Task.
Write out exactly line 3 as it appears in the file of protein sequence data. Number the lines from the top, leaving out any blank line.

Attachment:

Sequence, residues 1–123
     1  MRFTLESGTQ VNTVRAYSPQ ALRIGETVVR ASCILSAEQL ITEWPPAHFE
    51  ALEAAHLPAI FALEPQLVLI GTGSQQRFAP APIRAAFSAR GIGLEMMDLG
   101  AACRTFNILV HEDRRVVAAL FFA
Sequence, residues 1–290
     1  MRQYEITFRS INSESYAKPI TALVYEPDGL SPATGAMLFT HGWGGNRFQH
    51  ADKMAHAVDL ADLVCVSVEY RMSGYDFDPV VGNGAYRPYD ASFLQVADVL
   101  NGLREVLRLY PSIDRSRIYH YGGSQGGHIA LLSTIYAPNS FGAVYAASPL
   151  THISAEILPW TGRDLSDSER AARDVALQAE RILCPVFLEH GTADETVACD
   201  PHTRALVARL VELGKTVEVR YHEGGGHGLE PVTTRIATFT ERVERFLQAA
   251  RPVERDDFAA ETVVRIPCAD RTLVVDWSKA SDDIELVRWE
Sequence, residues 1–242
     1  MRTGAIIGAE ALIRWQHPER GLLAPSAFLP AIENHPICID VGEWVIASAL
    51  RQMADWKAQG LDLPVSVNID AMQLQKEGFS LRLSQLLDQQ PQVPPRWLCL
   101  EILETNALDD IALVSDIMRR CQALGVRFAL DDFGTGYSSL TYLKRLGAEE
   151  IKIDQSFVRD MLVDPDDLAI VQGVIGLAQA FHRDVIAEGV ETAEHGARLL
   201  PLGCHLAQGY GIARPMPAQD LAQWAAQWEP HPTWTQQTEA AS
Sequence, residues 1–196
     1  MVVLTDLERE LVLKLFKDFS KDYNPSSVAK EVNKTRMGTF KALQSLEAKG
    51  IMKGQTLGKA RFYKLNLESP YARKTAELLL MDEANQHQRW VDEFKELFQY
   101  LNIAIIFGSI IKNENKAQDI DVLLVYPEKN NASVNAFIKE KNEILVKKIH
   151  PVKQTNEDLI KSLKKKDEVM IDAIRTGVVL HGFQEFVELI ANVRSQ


    51  ALEAAHLPAI FALEPQLVLI GTGSQQRFAP APIRAAFSAR GIGLEMMDLG